CAPE MAY – Its days of carrying passengers and vehicles across the Delaware Bay now over, a vessel from the Cape May-Lewes Ferry fleet is being prepared for one final journey — to the bottom of the sea.
The Delaware River and Bay Authority announced Monday that the MV Twin Capes had been officially sold to the Delaware Department of Natural Resources and Environmental Control for $200,000 for use as part of an artificial reef.
The DRBA’s efforts to find a buyer which would use the ferry for transportation were not successful.
“We’re pleased to be able to partner with DNREC on this worthwhile environmental project,” said Heath Gehrke, director of ferry operations in a release announcing the completion of the sale. “During the sale process, it was apparent that the market was thin for such a specialized vessel. For us, it made sense to partner with DNREC on this artificial reef project to benefit the divers and sport fishermen of Delaware, New Jersey, and Maryland.”
Officials had earlier announced that DNREC was planning to purchase the vessel.
The Twin Capes was towed out of its docking spot at the Cape May-Lewes Ferry Terminal on the Cape May Canal on Thursday en route to the shipyard of Coleen Marine of Virginia Beach, Va.
The vessel will be stripped and prepared for what is expected to be its 2018 sinking onto the Del-Jersey-Land artificial reef 26 miles off the Delaware and New Jersey coast, officials said
DNREC Secretary Shawn M. Garvin said the Twin Capes would be reefed on the Del-Jersey-Land offshore reef site so that numerous fish species “can take advantage of the rich and spacious habitat it will provide. The Twin Capes is the one of the finest reefing candidates DNREC has ever seen, and as an artificial reef, it will be unparalleled as fish habitat and a spectacular dive for exploration.”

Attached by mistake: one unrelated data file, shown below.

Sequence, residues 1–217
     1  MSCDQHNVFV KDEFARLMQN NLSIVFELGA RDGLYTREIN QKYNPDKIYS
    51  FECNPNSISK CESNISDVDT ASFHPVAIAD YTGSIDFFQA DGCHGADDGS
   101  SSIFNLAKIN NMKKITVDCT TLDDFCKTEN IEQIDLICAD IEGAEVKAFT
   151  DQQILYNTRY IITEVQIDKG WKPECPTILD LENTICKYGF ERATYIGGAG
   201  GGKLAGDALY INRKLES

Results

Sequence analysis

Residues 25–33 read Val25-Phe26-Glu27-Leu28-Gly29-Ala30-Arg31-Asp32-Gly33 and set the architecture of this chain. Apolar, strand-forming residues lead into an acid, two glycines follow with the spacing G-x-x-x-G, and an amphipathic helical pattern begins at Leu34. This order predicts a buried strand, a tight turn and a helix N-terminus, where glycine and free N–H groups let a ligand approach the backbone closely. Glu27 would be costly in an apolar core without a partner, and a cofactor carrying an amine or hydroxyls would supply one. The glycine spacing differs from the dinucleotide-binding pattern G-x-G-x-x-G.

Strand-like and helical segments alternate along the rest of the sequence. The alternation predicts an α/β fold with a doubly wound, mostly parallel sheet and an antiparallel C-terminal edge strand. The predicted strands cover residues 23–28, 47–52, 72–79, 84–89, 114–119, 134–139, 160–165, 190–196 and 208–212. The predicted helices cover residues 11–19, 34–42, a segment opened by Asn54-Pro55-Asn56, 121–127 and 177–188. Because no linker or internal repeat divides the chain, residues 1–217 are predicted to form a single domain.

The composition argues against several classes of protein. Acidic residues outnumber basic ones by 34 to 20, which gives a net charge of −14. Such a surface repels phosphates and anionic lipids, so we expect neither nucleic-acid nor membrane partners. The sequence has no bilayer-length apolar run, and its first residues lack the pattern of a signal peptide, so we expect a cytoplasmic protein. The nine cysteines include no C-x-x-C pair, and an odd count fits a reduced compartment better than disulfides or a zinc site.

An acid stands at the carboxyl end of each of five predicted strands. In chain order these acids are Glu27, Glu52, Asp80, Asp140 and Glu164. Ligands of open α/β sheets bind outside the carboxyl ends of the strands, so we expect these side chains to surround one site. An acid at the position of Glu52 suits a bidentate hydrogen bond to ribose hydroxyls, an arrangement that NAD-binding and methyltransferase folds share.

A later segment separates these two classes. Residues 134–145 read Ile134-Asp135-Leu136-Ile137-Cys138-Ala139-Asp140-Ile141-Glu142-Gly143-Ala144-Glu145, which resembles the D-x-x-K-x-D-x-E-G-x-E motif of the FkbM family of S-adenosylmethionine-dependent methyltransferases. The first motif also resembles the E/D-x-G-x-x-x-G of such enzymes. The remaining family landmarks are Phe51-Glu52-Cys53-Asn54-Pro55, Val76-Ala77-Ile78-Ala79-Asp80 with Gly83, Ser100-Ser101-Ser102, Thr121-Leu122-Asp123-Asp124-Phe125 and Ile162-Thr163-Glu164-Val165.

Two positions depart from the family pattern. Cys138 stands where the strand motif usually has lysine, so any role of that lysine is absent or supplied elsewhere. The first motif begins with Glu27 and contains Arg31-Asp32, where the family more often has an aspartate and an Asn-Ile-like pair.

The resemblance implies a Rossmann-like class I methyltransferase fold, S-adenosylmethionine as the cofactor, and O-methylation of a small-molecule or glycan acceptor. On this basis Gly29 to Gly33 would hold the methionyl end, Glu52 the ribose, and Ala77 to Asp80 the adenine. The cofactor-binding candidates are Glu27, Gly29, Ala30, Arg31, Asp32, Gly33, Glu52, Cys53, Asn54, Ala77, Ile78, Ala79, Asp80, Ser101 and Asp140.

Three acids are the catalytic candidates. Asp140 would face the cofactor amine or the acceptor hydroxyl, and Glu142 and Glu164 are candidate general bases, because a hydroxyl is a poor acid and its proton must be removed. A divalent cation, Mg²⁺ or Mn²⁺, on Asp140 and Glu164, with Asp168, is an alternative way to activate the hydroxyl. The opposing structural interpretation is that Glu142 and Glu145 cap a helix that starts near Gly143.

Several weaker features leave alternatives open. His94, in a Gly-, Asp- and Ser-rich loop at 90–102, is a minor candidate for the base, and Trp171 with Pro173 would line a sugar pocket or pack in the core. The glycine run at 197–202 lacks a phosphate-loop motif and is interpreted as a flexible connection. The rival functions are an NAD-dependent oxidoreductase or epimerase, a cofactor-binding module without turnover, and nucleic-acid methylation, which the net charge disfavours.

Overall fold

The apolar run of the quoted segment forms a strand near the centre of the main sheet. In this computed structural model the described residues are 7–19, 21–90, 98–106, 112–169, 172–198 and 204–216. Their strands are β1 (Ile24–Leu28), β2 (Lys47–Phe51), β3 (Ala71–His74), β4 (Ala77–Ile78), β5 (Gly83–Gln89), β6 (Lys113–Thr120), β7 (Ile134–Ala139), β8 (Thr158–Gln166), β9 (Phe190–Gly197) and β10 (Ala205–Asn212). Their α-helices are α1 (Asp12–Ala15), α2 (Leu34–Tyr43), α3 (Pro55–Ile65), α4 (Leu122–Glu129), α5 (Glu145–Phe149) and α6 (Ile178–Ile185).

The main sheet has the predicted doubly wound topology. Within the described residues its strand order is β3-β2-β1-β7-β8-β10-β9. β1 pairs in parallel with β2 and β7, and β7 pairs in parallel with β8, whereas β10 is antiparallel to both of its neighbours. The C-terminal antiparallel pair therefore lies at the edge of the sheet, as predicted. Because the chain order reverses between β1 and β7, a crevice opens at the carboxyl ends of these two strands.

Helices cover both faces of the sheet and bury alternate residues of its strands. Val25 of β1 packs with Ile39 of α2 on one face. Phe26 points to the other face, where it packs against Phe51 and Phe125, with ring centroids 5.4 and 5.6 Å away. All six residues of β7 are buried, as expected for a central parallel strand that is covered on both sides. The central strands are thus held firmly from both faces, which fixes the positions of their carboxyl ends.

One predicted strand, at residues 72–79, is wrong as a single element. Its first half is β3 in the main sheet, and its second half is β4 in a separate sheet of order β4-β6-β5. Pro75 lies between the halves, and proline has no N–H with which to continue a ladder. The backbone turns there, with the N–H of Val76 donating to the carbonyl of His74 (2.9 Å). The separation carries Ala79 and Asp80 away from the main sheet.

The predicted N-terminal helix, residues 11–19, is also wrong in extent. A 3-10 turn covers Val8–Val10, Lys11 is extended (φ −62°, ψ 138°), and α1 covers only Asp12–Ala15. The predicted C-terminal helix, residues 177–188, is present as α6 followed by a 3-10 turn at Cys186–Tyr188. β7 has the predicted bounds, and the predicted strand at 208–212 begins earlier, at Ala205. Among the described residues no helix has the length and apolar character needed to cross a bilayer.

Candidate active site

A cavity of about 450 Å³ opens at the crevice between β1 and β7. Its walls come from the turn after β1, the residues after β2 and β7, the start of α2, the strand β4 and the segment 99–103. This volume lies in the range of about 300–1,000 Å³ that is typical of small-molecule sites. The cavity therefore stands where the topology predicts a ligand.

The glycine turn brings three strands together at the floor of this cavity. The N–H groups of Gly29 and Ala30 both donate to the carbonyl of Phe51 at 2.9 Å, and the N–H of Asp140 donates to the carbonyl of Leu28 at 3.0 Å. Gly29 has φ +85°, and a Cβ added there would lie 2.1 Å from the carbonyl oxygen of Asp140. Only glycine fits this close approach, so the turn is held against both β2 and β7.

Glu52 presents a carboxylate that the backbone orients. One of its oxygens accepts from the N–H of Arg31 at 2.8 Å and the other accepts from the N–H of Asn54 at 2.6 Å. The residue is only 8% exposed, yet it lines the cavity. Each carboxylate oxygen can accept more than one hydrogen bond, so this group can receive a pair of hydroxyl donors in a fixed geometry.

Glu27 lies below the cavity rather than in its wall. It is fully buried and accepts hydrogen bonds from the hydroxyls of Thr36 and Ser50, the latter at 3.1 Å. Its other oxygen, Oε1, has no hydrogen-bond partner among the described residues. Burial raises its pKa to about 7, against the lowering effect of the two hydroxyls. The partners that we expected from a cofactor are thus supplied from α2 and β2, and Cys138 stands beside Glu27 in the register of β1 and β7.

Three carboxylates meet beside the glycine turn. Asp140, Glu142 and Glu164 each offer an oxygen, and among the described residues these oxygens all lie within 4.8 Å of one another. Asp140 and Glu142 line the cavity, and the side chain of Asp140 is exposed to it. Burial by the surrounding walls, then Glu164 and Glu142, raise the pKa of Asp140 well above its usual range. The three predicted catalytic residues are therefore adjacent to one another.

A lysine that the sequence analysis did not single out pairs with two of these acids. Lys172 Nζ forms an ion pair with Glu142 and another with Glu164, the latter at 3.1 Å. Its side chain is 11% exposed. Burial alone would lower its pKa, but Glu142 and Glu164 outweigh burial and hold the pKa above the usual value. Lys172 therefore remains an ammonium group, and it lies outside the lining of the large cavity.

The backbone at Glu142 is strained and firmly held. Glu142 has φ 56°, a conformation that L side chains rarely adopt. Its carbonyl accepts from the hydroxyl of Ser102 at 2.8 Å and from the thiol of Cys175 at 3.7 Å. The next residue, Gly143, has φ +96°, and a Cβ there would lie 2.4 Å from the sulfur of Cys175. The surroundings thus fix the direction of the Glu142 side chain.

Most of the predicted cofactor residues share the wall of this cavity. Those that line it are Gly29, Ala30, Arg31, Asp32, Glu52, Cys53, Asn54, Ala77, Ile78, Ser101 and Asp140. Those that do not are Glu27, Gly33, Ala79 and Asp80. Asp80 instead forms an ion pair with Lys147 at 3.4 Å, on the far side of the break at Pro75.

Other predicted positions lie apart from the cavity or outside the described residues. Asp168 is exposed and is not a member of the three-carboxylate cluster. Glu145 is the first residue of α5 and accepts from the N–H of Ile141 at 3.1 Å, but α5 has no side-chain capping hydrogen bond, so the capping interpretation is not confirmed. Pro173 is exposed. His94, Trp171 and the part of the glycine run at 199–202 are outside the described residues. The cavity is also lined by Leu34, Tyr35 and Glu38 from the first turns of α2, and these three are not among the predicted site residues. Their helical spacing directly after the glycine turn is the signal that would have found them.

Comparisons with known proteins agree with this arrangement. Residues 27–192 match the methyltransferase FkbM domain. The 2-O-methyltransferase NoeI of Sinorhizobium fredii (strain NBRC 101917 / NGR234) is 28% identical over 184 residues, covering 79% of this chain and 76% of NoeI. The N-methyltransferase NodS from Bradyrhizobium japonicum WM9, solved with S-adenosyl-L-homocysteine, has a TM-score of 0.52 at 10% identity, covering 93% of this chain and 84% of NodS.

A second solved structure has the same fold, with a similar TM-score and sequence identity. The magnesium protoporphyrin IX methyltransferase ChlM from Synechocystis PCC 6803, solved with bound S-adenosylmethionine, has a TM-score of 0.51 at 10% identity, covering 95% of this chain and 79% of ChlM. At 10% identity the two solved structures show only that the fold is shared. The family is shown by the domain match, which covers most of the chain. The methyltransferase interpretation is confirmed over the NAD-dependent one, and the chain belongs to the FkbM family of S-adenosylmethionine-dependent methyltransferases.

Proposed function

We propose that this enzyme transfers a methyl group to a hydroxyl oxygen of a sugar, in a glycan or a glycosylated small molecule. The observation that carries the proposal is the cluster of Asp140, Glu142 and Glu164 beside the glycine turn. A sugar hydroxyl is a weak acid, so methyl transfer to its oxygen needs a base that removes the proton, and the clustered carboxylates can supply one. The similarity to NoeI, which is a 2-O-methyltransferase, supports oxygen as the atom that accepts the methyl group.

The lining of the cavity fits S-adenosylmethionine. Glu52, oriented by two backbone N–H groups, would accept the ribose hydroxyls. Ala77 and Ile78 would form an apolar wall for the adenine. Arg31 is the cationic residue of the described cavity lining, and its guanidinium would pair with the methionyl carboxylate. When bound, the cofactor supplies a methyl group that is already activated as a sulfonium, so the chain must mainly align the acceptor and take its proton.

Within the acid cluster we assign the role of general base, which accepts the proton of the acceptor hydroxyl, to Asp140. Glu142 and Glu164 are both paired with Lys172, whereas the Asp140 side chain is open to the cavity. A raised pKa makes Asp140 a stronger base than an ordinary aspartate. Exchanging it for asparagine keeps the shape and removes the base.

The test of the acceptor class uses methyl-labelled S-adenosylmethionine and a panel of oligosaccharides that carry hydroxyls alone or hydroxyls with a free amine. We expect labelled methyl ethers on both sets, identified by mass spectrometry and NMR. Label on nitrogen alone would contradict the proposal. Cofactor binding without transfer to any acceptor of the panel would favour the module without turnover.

Smoking banned on ferry vessels
The Twin Capes, built in 1974, was appraised at $10 million, officials said at the time it was declared surplus in 2010. A second vessel in the fleet, The Cape May, built in 1984, had been appraised at $6 million and was declared surplus in 2007 by the DRBA.
Both vessels had been extensively retrofitted over time. The Cape May was eventually sold for scrap.
Officials said the Twin Capes was more costly both in terms of fuel usages and staffing than other ferries in the fleet.
Gehrke said it was expected that stripping the Twin Capes will net about $230,000 worth of equipment, electronics and engine components has been or will be removed from the vessel for resale. Included in the items destined for the warehouse are the vessel’s propellers, rescue boats, benches, chairs, bow thruster, light fixtures, generators, and pumps.
The Twin Capes actually remained in service until the summer of 2013. The 320-foot-ling vessel was moored at the Cape May Ferry terminal. It was capable of carrying 895 people and 100 vehicles.
The Cape May-Lewes Ferry has three vessels remaining in its fleet — the MV Delaware, MV New Jersey, and MV Cape Henlopen. Officials say they are adequate to provide passenger and vehicle service across the Delaware Bay between Cape May and Lewes, Del.
Along with the Cape May-Lewes Ferry, the DRBA operates the Delaware Memorial Bridges, several regional airports, a business park and a seasonal ferry on the Delaware River.
Bill Gallo Jr. may be reached at firstname.lastname@example.org. Follow Bill Gallo Jr. on Twitter @bgallojr. Find NJ.com on Facebook.